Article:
If you were lucky, you had the privilege of attending one of the many Division Schools like I ran when I attended MMTC in 2015. While these schools were awesome training, they lacked one important element that MMTC does not. Army-wide recognition. We trained people and when they left the Division, that knowledge was often met with “that’s great, but here is how we do it. ”

When you walk out those doors you are not facing that challenge of trying to sell your skills. You have the backing of the Infantry School. You also have something else that is near and dear to my heart. That would be TC 3-22.9. By now you have been in that book and if you wondered who the good idea fairy was, well, that’s me.

That book was written under this simple guidance “write the book you needed while you were instructing” The course I ran for 10th Mountain graduated 1600 students under my watch. 1600 people learned and executed great things and went back to their units only to be hamstrung by an old book. My team and stakeholders from across the Army, active and reserve, set out to make a book that supported not only everything we have learned in the war but something that would support good marksmanship techniques and most importantly, teaching techniques.

We not only vetted the book within the Army, but we brought in several professional instructors from across the industry. Many of them have been teaching every weekend for 10+ years as their primary income. These pros helped us streamline the message and cleared up wording to make it teach more effectively. Believe that these guys are on your side and want nothing more than effective American Soldiers. Many times, business comes second and they gave the Army things that people would pay a lot of money to learn.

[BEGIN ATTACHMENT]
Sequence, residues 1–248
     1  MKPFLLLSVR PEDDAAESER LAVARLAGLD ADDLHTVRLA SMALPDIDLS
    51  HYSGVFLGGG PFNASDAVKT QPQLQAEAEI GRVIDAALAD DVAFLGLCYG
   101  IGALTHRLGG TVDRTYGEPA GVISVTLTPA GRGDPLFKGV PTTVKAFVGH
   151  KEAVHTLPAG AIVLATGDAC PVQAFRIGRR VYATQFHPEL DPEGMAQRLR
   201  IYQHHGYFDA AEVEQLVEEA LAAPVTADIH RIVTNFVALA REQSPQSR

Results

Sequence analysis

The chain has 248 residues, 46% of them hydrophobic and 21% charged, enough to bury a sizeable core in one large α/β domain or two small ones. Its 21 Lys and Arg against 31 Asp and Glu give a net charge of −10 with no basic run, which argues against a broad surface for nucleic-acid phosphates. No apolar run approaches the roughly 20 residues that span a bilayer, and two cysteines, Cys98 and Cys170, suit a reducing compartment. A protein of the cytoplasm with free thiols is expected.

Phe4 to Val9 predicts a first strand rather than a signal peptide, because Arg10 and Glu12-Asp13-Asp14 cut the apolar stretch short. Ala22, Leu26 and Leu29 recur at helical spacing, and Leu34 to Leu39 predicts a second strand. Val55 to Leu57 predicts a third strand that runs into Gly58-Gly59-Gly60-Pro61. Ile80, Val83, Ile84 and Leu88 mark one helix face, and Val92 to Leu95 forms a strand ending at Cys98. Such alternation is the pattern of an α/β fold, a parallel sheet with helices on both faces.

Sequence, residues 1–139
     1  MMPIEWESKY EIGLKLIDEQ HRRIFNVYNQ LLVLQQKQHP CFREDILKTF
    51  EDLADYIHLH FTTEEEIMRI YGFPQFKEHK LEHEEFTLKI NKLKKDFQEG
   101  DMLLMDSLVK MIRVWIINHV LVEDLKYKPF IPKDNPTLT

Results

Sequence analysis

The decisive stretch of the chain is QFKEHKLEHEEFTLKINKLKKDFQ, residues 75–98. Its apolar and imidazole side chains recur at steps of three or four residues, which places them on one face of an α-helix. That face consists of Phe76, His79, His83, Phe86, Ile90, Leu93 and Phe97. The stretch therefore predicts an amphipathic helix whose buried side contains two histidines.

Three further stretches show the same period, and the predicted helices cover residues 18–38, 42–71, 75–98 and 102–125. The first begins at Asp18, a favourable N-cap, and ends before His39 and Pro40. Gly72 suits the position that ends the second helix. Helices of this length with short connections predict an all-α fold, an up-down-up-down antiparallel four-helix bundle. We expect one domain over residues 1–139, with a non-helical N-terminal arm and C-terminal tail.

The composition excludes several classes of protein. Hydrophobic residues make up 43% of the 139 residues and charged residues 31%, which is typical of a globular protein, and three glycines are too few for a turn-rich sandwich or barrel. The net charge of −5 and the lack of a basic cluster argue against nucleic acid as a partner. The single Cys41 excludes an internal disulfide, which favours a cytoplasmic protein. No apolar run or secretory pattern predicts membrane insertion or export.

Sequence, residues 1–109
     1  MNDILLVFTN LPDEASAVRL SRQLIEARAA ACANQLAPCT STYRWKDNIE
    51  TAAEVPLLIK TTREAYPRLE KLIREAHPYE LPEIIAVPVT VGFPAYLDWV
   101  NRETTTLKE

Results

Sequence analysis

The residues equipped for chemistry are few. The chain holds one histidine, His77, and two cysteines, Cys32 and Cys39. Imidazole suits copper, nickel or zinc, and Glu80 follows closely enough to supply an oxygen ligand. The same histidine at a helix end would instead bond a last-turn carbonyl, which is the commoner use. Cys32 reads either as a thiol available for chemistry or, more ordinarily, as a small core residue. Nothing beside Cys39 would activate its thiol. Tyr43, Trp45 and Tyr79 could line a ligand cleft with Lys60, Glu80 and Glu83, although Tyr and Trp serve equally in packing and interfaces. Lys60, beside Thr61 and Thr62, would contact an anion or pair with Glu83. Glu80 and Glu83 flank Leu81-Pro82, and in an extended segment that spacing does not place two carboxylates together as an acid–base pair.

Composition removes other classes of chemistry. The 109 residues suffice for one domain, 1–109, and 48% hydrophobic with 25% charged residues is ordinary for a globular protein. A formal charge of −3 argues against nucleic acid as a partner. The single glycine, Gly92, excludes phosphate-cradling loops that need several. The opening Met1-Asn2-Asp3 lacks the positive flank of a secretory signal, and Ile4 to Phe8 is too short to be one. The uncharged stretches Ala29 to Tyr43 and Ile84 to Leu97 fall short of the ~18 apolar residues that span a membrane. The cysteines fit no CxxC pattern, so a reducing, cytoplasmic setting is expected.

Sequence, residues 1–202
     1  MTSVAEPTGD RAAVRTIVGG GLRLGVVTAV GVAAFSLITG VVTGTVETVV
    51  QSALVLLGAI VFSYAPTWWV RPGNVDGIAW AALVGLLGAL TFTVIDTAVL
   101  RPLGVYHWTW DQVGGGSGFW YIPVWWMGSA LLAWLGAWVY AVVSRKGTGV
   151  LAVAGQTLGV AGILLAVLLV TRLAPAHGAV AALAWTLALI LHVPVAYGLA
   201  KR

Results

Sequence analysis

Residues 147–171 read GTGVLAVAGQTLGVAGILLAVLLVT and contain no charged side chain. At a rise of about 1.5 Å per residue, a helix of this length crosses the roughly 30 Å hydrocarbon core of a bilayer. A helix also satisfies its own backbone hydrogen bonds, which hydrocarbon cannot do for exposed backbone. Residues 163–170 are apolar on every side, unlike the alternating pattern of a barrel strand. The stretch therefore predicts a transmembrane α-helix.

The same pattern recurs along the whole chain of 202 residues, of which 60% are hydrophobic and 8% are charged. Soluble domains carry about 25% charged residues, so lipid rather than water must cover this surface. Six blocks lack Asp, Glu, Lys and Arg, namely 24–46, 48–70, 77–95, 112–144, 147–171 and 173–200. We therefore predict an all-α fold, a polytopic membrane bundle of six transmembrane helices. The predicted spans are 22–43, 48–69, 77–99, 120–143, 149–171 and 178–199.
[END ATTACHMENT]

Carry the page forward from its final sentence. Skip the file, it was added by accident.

In our research, we found some things. Our weapons aren’t bad for what we are asking them to do. All of you fired issued weapons from five meters out to 600 meters. The ammunition is good enough for what we are asking it to do. You guys know this as you got hits. If the weapons and ammo aren’t the problem, what is?

Is it the caliber of Solider? If that were it, it wouldn’t cover 40 years of marginal performance

Is it the number of rounds we fire? Could be in some cases but if SFC Chain and the cadre had simply said, “here is 100,000 rounds; blast away” without any teaching would you guys have seen the improvement you made the past few weeks?

We decided that is was WHAT we were saying and how we were saying it. We relooked what we were providing to leaders and instructors to teach. Here at Fort Benning, you can’t present anything that isn’t in a book. No matter what we wanted to teach, the book was the book. I think we made big strides on fixing that.

So that leads to what you guys learned here in MMTC. For those in the room, you were successful. Some were not. The difference is the message that the cadre challenged and graded you on delivering. You had to group to higher standards than normal, get more precise zeros and get hits beyond what many of you were used to. You also had to teach back things that improved your own performance. You not only learned how to shoot better but learned how to make others shoot better, which is the big picture.

This is how we are improving Army Marksmanship. No more will you leave a school and not be able to use the information provided there because a leader asks one simple question, “What does the book say?” The knowledge passed on to you from the cadre cannot be undermined nor argued with by those who have always done it one way. When you go back to your units and later your next unit, that knowledge will still be relevant.